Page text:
Suffolk: Councillors reject attempt to increase wages of lowest paid contractors from £6.50 an hour to £7.65 in line with minimum living wage
- Credit: Archant
A bid to ensure all staff employed by Suffolk County Council contractors are paid the living wage was rejected after a lively debate at yesterday’s full meeting of the authority.
The opposition Labour group proposed the motion which would have seen the lowest-paid staff earn at least £7.65 an hour instead of the minimum wage of £6.50 an hour.
The Living Wage Foundation is encouraging employers to pay the higher figure – pointing out that staff earning that are less likely to be reliant on in-work benefits.
It is backed by many of the largest companies in the country, many local authorities, and some other organisations including the Church of England.
Opposition leader Sandy Martin said: “Apparently, the UK economy is now growing, but there are a very significant number of people who are not benefitting from that growth.
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“They are the people who were most heavily penalised by the recession, and who were least responsible for causing it in the first place.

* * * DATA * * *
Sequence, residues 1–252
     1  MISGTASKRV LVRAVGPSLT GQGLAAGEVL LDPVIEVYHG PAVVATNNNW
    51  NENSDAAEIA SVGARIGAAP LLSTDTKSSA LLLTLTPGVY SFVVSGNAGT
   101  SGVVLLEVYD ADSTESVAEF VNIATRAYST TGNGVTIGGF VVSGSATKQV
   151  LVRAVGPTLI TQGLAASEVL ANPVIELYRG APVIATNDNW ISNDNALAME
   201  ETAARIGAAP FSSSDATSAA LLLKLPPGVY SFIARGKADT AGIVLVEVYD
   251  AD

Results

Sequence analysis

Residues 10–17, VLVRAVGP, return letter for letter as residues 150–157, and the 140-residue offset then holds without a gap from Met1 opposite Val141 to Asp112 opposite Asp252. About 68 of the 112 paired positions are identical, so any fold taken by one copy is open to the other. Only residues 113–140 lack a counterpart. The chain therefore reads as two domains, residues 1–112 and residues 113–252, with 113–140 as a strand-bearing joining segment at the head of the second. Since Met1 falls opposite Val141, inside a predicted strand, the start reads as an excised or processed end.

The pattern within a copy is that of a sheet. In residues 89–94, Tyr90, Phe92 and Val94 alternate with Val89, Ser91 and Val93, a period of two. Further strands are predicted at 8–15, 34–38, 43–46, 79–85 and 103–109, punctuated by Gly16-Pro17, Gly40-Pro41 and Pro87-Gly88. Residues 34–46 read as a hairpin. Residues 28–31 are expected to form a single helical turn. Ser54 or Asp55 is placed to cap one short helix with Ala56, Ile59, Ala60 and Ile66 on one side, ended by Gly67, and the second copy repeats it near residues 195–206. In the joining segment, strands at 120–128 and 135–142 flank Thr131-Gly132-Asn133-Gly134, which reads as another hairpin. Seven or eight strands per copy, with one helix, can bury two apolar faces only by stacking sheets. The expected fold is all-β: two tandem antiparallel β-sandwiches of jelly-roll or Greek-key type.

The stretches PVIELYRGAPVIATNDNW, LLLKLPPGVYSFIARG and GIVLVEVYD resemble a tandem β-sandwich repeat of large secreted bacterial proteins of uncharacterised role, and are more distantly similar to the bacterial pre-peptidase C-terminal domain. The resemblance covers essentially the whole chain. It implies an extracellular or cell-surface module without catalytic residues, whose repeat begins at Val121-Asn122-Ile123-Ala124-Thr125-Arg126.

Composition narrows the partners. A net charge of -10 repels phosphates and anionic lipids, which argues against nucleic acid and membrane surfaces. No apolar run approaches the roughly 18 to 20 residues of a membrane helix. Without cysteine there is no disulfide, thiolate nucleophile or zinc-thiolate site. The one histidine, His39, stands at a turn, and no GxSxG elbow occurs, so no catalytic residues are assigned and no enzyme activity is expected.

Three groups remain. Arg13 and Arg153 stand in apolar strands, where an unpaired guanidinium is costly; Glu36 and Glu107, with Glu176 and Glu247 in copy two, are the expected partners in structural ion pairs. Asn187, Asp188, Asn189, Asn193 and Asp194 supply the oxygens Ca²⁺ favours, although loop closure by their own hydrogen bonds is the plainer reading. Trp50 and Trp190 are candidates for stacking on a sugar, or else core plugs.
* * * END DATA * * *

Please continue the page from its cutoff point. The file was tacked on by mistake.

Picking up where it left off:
“How can it possibly be right to say that we have a duty of care to a care worker who is employed by Suffolk County Council, and so will pay them enough to live on, but then say that because the name on their pay-slip has changed from SCC to Care UK we suddenly have no responsibility to care for them at all?
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“They are the same person with the same needs. They are doing the same job. They are even being paid by the same people, ultimately.”
He said someone being paid to do a job should earn enough to live on – not have to rely on benefits to top up their wages.
Conservative council leader Mark Bee said it was right that everyone should share increased prosperity, including those on low wages, but trying to force contractors to pay the living wage was not the right approach.
He said: “This is a very worthy aim, and an understandable motion with a general election just around the corner next year.
“But the way to improve the earnings of people in Suffolk is to encourage more prosperity by allowing the county to develop.”
His Conservative colleague John Goodwin said by introducing the living wage, the cost for council tax payers would increase significantly.
Members of the UKIP group at the council supported the move – although Haverhill councillor Julian Flood said he felt Labour were being hypocritical because they had opposed a move to sell land in his home town for a scheme which could have included social housing.